In the NFL, an 8-yard out route means eight yards. Not 7½. Not 8 yards and a foot. The devil’s in the details, and Sherman is the point man when it comes to making sure those details stick.

In the NFL, Sherman says, “You have different splits, alignments, different routes. Whether it’s routes, whether it’s blocking assignments — it’s just a lot of different things.”

But knowing where to line up and how to run a precise route is only half the battle. Working through the maze of what’s happening on the other side of the line of scrimmage — and doing it in a few quick seconds — often is the difference between a successful play and second-and-10.

“The coverages are so much more complicated than they are in college,” quarterback Sam Bradford said. “We ask (receivers) to read coverages and be able to dissect things, and run certain routes against certain coverages.”

Complicating that task is the fact that modern NFL defenses are adept at mixing coverages, disguising looks. Things may not be what they appear at first glance.

“If a wide receiver goes out and runs 10 patterns, maybe on four of them he won’t have to think about an adjustment or a different technique,” Clemens said. “We require a lot from our perimeter players. It’s an adjustment for them because they line up in college, they see Cover 3, they play Cover 3. Here, we see Cover 3, it’s gonna be anything but Cover 3.

(Cover 3 is a three-deep zone.)

Is it man? Is it zone? Or a combination of man and zone?

Never shy about offering an opposing view, Bruce thinks it’s not quite as tough for pass-catchers to make the transition to the NFL, because of the preponderance of passing that now takes place in high school, college and even at the little league level.

“There’s so much 7-on-7 going on through the high schools and it goes on through college,” he said. “Quarterbacks are getting a lot more reps. Wide receivers are getting a lot more reps. By the time they get here, they can almost be a lot more ready than I was (in 1994).”

Even so, there are limits to that preparation, especially when it comes to attacking zone defenses.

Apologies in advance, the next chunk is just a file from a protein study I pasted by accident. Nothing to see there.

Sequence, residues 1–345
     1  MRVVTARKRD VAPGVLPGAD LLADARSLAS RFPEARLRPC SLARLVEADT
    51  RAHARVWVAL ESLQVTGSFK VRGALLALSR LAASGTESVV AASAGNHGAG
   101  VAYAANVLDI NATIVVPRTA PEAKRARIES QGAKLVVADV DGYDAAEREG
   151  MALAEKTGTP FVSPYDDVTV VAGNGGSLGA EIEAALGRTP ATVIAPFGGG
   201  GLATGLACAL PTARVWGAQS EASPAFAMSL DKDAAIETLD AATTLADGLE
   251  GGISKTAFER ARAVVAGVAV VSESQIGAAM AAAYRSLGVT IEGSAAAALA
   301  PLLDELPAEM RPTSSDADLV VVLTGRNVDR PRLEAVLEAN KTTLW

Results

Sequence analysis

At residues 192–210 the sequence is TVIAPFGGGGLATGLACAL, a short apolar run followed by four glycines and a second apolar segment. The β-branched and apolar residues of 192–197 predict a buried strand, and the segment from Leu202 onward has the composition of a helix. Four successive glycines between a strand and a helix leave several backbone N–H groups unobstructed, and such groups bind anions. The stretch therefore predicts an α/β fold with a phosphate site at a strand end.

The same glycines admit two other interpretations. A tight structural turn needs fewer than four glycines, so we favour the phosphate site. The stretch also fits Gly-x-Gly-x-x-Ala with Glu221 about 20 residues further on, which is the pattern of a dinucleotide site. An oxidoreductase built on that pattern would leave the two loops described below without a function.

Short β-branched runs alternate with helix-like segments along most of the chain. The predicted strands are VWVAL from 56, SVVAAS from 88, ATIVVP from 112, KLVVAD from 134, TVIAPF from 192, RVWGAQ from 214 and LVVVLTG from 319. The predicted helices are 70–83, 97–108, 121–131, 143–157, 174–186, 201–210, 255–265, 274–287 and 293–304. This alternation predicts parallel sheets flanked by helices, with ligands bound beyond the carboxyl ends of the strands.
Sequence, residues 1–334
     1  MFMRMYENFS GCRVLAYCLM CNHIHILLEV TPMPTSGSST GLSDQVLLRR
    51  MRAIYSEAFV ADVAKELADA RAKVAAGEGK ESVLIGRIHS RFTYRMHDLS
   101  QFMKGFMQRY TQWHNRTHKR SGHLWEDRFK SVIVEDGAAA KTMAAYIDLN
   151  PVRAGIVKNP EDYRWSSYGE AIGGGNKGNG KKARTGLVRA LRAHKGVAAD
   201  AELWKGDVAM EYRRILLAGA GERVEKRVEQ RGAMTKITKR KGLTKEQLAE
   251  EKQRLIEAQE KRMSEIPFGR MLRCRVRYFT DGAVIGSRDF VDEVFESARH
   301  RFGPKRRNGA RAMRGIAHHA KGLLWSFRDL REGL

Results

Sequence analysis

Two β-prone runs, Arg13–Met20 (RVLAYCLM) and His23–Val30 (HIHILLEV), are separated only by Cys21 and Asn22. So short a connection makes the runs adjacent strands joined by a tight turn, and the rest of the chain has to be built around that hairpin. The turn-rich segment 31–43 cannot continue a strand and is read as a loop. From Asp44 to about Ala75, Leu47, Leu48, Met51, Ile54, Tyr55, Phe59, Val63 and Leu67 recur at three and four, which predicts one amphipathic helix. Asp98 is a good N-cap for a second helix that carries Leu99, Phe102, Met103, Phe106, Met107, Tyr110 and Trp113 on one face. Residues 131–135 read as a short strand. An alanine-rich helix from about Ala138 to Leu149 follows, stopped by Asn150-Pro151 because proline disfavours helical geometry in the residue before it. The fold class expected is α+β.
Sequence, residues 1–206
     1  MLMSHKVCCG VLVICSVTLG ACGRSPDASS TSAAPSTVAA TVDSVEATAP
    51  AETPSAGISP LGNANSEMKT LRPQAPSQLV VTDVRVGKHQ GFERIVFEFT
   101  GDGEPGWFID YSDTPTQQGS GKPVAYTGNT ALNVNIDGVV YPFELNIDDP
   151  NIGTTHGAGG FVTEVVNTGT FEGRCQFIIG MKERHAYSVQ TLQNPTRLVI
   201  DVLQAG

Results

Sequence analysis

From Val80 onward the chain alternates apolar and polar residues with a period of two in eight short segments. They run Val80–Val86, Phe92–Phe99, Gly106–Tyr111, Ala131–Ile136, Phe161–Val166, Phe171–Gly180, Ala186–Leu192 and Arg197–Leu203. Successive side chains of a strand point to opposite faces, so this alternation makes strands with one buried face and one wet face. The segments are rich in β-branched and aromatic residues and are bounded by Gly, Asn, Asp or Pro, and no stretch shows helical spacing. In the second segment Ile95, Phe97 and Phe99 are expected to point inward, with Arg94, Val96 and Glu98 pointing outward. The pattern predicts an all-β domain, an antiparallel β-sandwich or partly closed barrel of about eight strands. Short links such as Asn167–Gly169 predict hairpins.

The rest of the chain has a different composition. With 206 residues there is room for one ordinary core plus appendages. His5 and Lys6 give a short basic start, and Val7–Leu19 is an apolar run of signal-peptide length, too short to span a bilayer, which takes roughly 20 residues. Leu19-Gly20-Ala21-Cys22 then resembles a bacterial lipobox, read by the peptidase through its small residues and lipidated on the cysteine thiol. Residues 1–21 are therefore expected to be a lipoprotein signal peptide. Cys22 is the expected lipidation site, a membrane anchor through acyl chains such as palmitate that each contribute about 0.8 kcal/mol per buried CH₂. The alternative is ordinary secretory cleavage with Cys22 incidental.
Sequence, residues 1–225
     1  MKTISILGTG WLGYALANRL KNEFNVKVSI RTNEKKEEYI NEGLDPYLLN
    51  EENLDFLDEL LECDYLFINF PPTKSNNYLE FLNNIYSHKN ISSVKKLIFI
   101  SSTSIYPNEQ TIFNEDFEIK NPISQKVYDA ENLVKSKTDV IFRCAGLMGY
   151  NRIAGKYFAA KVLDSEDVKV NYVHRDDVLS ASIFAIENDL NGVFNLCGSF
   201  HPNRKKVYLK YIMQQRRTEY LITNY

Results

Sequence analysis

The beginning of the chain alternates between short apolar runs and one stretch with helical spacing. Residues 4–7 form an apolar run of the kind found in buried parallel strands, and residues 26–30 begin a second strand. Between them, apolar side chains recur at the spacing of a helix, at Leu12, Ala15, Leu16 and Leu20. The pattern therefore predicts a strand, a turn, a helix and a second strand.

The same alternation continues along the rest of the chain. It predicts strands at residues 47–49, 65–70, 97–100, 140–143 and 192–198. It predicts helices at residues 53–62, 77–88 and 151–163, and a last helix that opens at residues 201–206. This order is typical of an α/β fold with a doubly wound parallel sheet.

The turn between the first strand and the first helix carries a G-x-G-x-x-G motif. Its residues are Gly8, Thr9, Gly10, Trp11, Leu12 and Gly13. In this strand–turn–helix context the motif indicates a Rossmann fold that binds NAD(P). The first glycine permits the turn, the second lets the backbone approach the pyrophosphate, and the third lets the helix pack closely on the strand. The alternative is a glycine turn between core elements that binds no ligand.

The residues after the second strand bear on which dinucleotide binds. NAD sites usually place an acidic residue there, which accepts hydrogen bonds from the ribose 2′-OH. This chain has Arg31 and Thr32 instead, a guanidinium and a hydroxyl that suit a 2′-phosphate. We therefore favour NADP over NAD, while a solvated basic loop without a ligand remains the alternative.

“When you throw a zone in front of a guy, that’s where they may have some issues,” Bruce said. “Learning how to run routes vs. zone. Sit down in a zone. Get open in a zone.”

MORE THAN MENTAL

Givens said the attention to detail needed to succeed in the NFL was one of the biggest adjustments from the college game for him last season. The playbook has to be a rookie’s favorite publication; the film room his favorite hangout. If not, well, it’s not going to happen.

With all the meeting time, all the preparation, all the study of opponents, it has been said that playing in the NFL is like getting your Ph.D. in football. Even so, it’s still a game of speed, strength and athletic ability.

As the No. 6 overall pick in 1999, Holt was considered a guy who played fast and practiced hard. Even so, getting used to the pace of play in the NFL was an eye-opener. So was the press coverage and overall level of physical play by defensive backs.

“I got to the NFL and the knob was turned up even more (in terms of pace),” Holt said. “And then the physical play. Being bumped. A lot more jostling in the pros than there was in college. So getting used to that while maintaining the discipline of the route, and then getting open, and getting to the spot where you’re supposed to be to catch the football was an adjustment.”

The physical nature of the NFL game prompted Givens to dedicate himself to getting a little bigger and stronger in the offseason, while not losing any speed. The idea was to make it more difficult for defensive backs to bump him off routes, or jam him at the line.

The presence of Holt and Bruce during training camp helped the young receivers in innumerable ways — from Bruce lecturing and demonstrating effective techniques to beat press coverage, to Holt offering tips on route-running.

“Isaac helped me the most with just narrowing my goals and narrowing my focus,” Givens said. “Staying focused on the things that I can control.

“Torry came out and just helped me get more comfortable with my abilities. He told me little things I could do here and there that are gonna help me out. Those guys just really helped boost my confidence.”

A little confidence never hurt. And swagger can be an important element for the successful wideout. It certainly worked for the Greatest Show principals.

So when it was pointed out that wide receivers often make a big jump from year one to year two in the NFL, Givens’ reply was illuminating.

“I’m making sure that that comes true,” said Givens, who had 698 yards as a rookie.

Now, that’s an answer that would get a thumb’s up from Bruce and Holt.